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DUNLINS & SANDERLINGS:
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DUNLINS & BLACK-BELLIED PLOVER:
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TREE SWALLOW — always good to check for vagrant Cave Swallows which occasionally show up here on the East Coast this time of year:
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So, none of my target birds accomplished, but admittedly they’re quite hard ones to find. Bird-of-the-day to the Saltmarsh & Nelson’s Sparrow, absolutely not species one sees very often!

Good birding,
Henry
World Life List: 957 Species

Posted by skwclar 23:34 Archived in USA Comments (0)

Owl I Want

Midtown Manhattan

overcast 64 °F

Today, I visited Lincoln Center & Central Park in hopes of finding two owl species: Northern Saw-whet, and Long-eared, which have been photographed by others at the respective locations in the last few days.

After getting off the train at 66th and looking on the appointed scaffolding for finding the owl, it was bad luck for me with the Saw Whet.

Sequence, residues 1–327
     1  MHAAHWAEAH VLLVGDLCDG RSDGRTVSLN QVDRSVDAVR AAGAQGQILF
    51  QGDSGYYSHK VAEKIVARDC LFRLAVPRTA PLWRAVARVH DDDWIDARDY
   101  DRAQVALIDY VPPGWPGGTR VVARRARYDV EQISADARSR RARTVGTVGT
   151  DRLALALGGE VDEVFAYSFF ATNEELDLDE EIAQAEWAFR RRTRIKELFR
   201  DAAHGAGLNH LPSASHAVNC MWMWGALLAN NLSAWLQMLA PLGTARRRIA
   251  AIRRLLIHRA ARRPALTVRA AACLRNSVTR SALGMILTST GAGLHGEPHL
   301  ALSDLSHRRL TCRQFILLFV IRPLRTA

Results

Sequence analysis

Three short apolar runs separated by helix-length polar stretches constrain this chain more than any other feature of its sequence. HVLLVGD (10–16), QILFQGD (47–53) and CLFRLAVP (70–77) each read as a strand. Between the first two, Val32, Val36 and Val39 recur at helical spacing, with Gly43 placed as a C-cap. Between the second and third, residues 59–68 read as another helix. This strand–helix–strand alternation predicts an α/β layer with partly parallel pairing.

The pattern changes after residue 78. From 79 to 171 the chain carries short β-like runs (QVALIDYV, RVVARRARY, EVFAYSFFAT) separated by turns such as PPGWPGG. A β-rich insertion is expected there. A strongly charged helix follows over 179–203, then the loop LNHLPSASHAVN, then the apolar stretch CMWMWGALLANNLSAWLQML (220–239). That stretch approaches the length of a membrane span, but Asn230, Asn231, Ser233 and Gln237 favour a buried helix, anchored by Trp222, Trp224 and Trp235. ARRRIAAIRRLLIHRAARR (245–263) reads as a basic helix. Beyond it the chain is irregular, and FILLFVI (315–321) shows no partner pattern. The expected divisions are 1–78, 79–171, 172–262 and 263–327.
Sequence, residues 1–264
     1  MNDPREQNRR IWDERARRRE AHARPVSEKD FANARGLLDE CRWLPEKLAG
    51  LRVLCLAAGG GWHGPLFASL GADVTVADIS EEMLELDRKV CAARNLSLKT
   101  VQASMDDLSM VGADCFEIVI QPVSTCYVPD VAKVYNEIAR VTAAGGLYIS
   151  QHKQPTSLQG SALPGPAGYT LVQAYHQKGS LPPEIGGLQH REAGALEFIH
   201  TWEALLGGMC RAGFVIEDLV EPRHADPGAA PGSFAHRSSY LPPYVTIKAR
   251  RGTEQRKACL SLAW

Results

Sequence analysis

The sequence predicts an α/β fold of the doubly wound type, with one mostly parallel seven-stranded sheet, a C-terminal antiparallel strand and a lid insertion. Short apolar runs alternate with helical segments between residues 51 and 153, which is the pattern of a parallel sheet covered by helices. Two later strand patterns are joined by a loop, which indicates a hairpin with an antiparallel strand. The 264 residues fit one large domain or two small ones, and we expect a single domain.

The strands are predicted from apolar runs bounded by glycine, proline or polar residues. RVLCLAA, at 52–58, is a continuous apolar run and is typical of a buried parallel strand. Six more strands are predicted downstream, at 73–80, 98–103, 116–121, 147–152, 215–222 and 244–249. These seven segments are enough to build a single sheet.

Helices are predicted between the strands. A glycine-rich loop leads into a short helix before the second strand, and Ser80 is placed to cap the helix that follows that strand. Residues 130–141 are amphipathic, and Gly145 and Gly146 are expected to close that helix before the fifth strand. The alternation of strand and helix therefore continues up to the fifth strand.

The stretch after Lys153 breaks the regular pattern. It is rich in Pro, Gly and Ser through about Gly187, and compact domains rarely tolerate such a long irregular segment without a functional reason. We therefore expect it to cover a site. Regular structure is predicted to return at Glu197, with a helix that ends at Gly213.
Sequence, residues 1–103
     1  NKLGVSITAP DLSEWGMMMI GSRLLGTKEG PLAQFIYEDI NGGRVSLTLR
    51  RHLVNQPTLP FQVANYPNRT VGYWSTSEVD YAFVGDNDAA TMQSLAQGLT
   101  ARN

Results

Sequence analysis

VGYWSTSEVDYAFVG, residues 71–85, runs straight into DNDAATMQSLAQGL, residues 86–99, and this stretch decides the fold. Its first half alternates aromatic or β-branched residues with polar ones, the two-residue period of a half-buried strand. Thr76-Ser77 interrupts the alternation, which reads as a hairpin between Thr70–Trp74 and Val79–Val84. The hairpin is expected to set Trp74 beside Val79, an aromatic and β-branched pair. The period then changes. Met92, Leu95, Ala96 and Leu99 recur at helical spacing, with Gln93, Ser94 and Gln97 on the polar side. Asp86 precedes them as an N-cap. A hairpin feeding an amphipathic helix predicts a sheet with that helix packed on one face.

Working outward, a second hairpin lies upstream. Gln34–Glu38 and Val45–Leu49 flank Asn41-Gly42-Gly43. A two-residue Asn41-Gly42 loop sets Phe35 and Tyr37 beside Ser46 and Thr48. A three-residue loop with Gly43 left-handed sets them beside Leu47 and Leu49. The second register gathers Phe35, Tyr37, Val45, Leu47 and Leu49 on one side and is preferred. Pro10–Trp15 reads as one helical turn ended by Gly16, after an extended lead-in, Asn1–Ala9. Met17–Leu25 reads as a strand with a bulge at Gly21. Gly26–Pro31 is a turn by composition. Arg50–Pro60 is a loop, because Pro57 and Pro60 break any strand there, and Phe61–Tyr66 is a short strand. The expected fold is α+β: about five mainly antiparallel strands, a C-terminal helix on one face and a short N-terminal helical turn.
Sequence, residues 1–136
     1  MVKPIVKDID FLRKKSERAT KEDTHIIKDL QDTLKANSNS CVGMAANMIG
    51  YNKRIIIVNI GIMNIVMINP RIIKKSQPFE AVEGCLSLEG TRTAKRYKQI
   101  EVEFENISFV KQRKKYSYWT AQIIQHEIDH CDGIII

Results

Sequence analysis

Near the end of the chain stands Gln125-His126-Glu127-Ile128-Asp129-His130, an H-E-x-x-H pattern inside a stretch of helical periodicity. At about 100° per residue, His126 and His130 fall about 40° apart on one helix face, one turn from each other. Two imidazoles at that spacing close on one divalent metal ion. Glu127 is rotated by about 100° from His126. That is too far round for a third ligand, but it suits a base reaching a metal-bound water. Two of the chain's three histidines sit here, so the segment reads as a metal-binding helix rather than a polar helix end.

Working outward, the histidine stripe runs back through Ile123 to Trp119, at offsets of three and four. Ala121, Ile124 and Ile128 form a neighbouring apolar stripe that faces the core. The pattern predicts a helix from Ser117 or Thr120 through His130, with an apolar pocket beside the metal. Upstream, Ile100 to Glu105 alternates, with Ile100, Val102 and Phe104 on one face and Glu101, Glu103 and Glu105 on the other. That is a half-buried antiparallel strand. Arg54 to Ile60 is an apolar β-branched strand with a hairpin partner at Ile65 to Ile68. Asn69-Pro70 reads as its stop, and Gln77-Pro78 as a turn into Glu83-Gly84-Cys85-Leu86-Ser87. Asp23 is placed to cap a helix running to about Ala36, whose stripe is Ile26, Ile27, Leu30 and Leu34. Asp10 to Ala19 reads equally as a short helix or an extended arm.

Then, I hustled over to the Ramble in Central Park where a Long-eared had been seen yesterday.

The fall colors were spectacular!
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I spent some time, along with looking for this elusive owl, experimenting with dark light condition non-flash and flash photography on some common passerine migrants. HERMIT THRUSH:
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WHITE-THROATED SPARROW:
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The sparrows in particular were abundant — there were hundreds upon hundreds of them, everywhere I walked in the park this evening. I finally quit my search for the owl around dusk — the Long-eared admittedly was like trying to find a needle in a haystack, but hey, it was worth the try! Stay tuned because tomorrow I’m waking up early to go look for Red-necked Grebe, Parasitic Jaeger, & Seaside Sparrow among other things!

Bird-of-the-day goes to the HERMIT THRUSH & WHITE-THROATED SPARROWS, common but charming migrants.

Good birding,
Henry
World Life List: 957 Species

Posted by skwclar 16:21 Archived in USA Comments (0)